Nothing that’s good, on its face, seems to escape exploitation and sullying by the crooks and scammers. Witness the disclosure this week that many restaurant reviews, ‘likes’ and other endorsements are totally fake, for sale by fraudsters preying on restauranteurs and patrons, alike!
CBC’s Marketplace mocked up this fake Food Truck in Toronto to test
its theory that review and endorsement faking online is epidemic.
The stunt produced alarming results: A vast number of fake reviews and endorsements appeared within a day on a host of websites, even on highly respected ones such as UrbanSpoon!
Marketplace broadcast a detailed report last night in prime time. The show’s assertion that faking reviews, ‘likes’ and other online endorsements has become a major and growing industry was proven in spades.
And… Although we concern ourselves chiefly with cooking and the foodservice industry here at Maggie J’s FFB, I think it’s important to note that the cancer of illicit reviews has spread to all corners of the Web, effecting all products and all blogs that deal in reviews.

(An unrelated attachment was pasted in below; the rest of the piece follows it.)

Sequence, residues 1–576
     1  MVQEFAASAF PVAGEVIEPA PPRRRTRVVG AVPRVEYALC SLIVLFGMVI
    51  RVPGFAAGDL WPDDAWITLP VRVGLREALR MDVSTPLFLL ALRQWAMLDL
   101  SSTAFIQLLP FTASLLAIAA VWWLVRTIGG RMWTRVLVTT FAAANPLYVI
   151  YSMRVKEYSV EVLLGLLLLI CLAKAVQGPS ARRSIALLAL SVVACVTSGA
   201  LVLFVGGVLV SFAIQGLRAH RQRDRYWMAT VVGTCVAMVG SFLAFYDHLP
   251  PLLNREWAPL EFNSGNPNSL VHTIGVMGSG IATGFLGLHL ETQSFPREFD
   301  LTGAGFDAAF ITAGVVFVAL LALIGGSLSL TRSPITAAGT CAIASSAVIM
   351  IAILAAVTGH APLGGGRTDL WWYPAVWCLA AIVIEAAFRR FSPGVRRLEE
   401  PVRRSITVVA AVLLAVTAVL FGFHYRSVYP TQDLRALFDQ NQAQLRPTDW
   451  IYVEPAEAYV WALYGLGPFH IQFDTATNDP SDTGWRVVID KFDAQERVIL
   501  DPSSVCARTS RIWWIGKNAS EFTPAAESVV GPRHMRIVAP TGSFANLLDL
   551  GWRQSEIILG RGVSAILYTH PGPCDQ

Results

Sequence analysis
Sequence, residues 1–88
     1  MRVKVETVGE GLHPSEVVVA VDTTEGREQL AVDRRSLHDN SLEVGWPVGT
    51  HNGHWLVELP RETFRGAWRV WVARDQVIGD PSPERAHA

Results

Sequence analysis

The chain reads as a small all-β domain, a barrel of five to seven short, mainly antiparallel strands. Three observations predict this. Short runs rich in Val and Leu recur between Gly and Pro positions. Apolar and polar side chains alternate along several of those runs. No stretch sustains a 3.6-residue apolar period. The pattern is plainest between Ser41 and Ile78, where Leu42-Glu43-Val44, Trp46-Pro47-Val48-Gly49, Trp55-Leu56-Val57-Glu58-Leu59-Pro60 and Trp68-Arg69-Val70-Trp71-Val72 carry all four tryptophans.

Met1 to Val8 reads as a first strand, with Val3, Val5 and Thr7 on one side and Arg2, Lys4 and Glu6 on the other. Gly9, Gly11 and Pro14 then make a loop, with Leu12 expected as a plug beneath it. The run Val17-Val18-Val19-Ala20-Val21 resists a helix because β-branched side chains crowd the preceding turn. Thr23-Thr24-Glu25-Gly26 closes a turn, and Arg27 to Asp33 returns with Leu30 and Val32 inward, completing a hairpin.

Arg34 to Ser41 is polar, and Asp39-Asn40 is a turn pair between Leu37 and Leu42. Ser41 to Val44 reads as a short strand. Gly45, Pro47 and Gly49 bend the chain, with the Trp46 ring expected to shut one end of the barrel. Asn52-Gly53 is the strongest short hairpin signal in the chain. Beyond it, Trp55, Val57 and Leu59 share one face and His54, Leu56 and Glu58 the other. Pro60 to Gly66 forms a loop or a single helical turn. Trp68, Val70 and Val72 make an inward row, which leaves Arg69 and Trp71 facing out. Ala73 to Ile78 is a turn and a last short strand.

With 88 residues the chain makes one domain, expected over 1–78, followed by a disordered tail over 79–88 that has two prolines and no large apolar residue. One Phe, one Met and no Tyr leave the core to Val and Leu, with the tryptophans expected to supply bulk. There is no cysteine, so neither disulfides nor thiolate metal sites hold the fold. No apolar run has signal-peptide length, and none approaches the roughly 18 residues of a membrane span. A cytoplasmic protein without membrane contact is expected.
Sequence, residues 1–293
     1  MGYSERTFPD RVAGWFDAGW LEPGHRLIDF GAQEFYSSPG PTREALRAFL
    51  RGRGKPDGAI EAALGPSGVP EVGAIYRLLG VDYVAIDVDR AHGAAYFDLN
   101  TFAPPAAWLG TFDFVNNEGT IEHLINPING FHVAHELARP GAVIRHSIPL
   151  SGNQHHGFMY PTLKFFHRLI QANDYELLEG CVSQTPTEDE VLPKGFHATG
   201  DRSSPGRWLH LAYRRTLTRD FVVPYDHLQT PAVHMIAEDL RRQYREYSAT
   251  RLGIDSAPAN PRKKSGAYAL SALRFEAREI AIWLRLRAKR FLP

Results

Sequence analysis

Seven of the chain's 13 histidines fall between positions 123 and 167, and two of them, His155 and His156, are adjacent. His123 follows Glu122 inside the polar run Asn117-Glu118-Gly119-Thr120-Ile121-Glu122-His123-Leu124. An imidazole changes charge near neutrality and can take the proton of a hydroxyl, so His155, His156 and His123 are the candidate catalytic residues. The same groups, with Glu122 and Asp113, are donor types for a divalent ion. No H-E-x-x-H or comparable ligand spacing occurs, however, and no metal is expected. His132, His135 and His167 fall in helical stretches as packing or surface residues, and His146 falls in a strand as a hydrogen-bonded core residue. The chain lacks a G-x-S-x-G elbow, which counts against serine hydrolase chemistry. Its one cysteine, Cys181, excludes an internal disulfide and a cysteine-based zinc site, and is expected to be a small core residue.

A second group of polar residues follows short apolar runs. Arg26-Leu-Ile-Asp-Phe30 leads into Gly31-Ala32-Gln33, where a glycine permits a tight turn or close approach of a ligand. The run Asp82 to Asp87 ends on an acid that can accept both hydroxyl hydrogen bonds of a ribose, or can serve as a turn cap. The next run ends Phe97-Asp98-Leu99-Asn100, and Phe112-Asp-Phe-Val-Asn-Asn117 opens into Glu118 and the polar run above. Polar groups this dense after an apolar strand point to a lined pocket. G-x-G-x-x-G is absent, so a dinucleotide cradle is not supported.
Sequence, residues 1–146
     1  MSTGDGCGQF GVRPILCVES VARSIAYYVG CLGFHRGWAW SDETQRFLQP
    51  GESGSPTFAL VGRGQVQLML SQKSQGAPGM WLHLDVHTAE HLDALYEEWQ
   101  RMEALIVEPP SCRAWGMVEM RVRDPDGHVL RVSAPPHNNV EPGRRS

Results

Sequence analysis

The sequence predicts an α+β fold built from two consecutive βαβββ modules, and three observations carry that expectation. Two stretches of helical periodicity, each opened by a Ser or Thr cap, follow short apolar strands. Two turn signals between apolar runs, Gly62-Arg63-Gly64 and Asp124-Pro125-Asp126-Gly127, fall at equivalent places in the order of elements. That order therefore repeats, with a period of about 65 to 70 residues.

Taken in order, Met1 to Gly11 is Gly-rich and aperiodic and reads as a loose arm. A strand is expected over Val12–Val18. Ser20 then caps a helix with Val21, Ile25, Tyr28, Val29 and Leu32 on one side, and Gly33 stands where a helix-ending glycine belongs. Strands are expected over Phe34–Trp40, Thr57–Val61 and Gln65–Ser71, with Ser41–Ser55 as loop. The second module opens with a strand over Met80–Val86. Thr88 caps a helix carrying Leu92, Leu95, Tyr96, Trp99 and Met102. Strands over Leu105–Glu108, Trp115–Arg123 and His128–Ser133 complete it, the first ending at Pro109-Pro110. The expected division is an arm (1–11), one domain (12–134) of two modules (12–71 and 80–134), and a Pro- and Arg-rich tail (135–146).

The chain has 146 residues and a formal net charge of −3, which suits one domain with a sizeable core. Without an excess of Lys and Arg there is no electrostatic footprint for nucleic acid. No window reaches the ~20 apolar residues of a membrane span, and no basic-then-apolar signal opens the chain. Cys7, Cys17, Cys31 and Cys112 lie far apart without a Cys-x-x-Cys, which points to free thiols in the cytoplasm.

Research group Gartner found recently that up to 15 per cent of online reviews are fake. A survey by the prestigious Harvard Business School found that one additional star on a Yelp! restaurant review translated to an increase of up to nine per cent ni revenues for independent (non-chain) restaurants.
I’m told it is almost impossible to tell a fake review from a real one. However, Marketplace found that Jeff Hancock, a professor and researcher at Cornell University in Ithaca, NY, has come up with some guidelines to help review readers tell when people are lying online…
~ Maggie J.